He added that these positive trends had continued into July, which gave the business confidence that it could sustain increased efficiencies in its operating model.

Turning to the first half of 2020, Boyd’s revenue came to $890.3m, down 46.3%. Gaming was responsible for $694.9m of this revenue, down 44.5%. Food and beverages brought in $100.5m, down 54.8%, while room revenue declined 54.7% to $53.6m and other revenue was down 47.0% to $41.3m.

In terms of regions, the operator’s casinos in the south and midwest brought in $602.2m, down 45.4%. Its Las Vegas local casinos saw revenue fall 48.3% to $229.5m while its downtown Las Vegas properties brought in $58.8m, down 53.9%.

Operating expenses for the half-year came to $1.11bn, down 22.0%. Costs of sales for gaming came to $315.5m, for food and beverages $106.6m, for rooms $28.1m and for other income $23.6m.

Selling, general and administrative expenses fell 25.2% to $173.7m while rent expenses grew 1.8% to $50.1m and maintenance and utility costs declined 30.1% to $54.8m.

Depreciation and amortisation costs grew by 0.6% to $136.2m, while corporate expenses fell 33.2% to $38.9m and project development costs were down 18.8% to $7.3m.

In addition, the business incurred a $171.1m impairment cost in the first quarter of the year.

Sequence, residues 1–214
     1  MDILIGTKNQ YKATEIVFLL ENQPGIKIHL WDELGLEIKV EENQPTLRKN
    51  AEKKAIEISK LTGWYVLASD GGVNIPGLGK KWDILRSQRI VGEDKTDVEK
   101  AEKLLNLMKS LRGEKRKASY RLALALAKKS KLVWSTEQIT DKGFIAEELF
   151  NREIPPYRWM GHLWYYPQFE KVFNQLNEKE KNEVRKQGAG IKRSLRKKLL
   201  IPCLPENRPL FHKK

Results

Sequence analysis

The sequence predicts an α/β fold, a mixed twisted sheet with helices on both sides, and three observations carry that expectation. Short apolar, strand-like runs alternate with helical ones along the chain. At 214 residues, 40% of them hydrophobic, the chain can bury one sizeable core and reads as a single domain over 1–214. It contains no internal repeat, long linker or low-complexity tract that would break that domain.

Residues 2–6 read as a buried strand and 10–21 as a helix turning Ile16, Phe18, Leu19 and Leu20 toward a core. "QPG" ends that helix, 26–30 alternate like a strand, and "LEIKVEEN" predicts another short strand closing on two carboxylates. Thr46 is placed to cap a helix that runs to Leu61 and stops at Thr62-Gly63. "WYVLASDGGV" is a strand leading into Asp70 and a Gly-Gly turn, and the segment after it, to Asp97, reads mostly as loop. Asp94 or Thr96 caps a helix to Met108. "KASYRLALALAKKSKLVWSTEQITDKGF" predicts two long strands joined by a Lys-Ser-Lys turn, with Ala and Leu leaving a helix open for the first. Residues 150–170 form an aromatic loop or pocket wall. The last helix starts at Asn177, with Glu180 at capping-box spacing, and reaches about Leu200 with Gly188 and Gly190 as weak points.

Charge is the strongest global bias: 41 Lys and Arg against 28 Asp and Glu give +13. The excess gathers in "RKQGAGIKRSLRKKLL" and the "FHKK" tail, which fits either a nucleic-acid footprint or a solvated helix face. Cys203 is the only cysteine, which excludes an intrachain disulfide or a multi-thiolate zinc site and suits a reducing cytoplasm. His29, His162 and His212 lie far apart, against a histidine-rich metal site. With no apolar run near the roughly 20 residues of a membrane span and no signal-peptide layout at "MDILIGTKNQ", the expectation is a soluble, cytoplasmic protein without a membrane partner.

These costs resulted in an operating loss of $224.1m., compared to a $244.3m profit the year before

After net financial expenses of $110.4m, down 9.4%, Boyd’s pre-tax losses came to $334.5m, compared to a profit of $122.5m in 2019.

The business received $78.4m in tax benefits, compared to paying $28.5m in taxes in 2019, meaning its final loss for the half-year came to $256.1m, after having made a profit of $93.9m in 2019.

Smith said that going forward, the online sector would become a larger part of Boyd’s business. Boyd launched Stardust, a social casino app, earlier this month as well as an online casino product in Pennsylvania through a partnership with FanDuel. This partnership was also extended to Indiana and Iowa, where FanDuel offers a sports betting product in partnership with Boyd-operated casinos.

“We are also making great progress positioning our company for the digital future of our industry. With the recent launch of our Stardust Social Casino mobile app, we established our first interactive gaming presence under the Stardust brand,” Smith said. “We also continued to expand our strategic partnership with FanDuel Group as we introduced an online casino product in the state of Pennsylvania. 

“With our industry-leading strategic partner and the iconic Stardust brand, Boyd Gaming is in an excellent position to capitalize on the compelling growth opportunity presented by interactive gaming and mobile sports betting.”

Earlier this month, Boyd said it would lay off staff members still on furlough, having warned in May that disruption caused by novel coronavirus (Covid-19) could force it to significantly cut headcount. 

In May, at a time when the casino sector was shuttered as a result of Covid-19, the operator informed workers that between 25% and 60% of staff could lose their jobs, with layoffs likely to take place between July 1 and 14.